encouraged

A M 0 N T H L Y "activities
trends report" is a valuable
assessment tool in the SPAR-
MIS p a c k a g e, according to
Krasny. It details the number
of service cals per month, av-
erage response time, traffic
tickets iss'ied, cases under in-
vestigation and warrants ob-
tained.
Additional programs in the
SPARMIS package include 'peo-
ple control reports" < which 'list
such features as a "Key Name
List," which is an up-to-date
file stored in the computer nam-
ing persons previously arrested.
An investigator can gall for
an "arrest search list" of se-
lected names from the "key
name list," which focuses on
those in the file who fit a cer-
tain description; such 'as those
who drive a certain type of car,
or whose crimes in the past
have followed a particular pat-
tern.
OTHER REPORTS that help
to narrow the list of suspects
further include the "daily ar-
rest bulletin," the "Arrestee
List," and the "recidivist (peo-
ple who have been in jail re-
peatedly) report." These also
will be available on demand
through the SPARMIS compu-
ter network.
Most of the criminal identi-
fication reports can also be
sent. to federal agencies, ac-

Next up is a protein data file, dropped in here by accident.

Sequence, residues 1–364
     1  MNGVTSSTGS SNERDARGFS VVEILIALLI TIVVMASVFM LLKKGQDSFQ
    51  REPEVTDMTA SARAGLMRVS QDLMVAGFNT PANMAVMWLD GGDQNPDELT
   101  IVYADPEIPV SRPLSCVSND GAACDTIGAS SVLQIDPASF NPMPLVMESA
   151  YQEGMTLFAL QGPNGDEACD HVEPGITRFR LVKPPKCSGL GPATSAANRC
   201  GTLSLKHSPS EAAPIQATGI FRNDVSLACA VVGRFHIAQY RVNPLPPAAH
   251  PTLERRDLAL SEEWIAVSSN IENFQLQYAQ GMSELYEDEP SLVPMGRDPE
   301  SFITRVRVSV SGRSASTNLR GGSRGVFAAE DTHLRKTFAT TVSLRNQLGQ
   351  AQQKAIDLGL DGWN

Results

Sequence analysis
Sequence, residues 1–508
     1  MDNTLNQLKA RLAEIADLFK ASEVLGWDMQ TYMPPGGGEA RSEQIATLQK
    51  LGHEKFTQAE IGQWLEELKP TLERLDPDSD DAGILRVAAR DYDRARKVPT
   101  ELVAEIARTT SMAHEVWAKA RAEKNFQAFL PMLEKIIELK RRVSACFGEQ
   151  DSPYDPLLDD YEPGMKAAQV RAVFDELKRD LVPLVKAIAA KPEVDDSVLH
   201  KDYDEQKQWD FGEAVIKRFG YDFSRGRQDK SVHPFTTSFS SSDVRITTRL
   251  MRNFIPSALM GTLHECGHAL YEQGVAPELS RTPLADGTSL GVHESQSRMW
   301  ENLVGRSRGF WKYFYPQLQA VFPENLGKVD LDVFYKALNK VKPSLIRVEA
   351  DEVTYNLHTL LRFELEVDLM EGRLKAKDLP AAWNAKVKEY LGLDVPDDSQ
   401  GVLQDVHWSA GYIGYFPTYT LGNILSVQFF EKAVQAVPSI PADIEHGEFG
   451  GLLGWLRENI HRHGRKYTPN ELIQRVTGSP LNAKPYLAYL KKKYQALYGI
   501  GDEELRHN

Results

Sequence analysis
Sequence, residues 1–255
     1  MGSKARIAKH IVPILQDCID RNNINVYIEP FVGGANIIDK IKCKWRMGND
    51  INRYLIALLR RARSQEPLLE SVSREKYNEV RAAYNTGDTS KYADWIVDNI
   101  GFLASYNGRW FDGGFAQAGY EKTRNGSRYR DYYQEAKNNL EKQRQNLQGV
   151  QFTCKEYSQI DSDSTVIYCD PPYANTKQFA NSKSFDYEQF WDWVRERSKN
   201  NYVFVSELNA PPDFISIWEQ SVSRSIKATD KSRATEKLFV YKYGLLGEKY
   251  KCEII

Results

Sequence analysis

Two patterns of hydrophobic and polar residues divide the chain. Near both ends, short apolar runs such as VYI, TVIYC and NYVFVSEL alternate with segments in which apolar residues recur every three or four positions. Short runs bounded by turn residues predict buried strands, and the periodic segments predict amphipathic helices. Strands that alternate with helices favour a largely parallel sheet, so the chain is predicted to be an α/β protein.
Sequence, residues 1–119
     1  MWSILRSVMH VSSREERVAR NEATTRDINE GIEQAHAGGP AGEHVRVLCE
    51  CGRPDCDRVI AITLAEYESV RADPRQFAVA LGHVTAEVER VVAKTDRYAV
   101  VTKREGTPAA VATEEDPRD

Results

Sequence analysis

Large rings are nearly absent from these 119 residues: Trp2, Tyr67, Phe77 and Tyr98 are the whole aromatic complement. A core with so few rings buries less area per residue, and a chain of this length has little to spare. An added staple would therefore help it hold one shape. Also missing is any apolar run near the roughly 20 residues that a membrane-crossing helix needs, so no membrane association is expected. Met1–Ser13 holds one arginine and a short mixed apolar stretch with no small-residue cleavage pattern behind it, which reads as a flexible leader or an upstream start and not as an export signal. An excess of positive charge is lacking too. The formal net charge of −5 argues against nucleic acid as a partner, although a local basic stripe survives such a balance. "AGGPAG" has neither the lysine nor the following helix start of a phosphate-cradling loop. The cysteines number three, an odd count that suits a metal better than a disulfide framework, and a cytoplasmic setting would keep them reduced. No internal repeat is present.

cording to Baranski.
Funding for the raddition of
1SPARMIS to the city law en-
forcement agency. came from a
fe de r al grant administered
through the state Office of Crim-
inal Justice. The city was given
$95,000 for putting up $5,000 to-
ward the program.
ONCE THIS federal money
rusout,> however, the city
must absorb the operating costs
of SPARMIS. Krasny said he
could give no approximation o
' this cost.
Presently, the only other cities
in the state using SPARMIS are
the Saginaw, Troy, Holland and
Berian County police depart
ments. CJI spokesman Altoi
Brown said 65 law enforcement
agencies representing 80 per
cent of the population and 90
per cent of the crime in the
state will be included in the
SPARMIS network by 1980.

Iternational Harvester.
has unmatched opportunities
for people majoring in:
Accounting
Agricultural Engineering
Business Administration
Business Management
Civil Engineering
Computer Science
Economics
Electrical Engineering
Engineering Technology
Finance
Industrial Engineering
Marketing
Mathematics
Mechanical Engineering
Metallurgy
Metallurgical Engineerina
February 20
is your chance to take a look at them.
Make an appointment at the Placement Office to
see the International Harvester College Relations
Representative. He'll be here to tell you what
kind of people we're looking for, how we work
and more about the opportunities we have to offer.

Contact-Ed or Tom at 47414 or
Razelle at 30176 or apply in person,
Residential Colleege offices

DR. PAUL USLAN
Optometrist
Full Contact Lens Service
VisualExaminations
548 Church 663-2476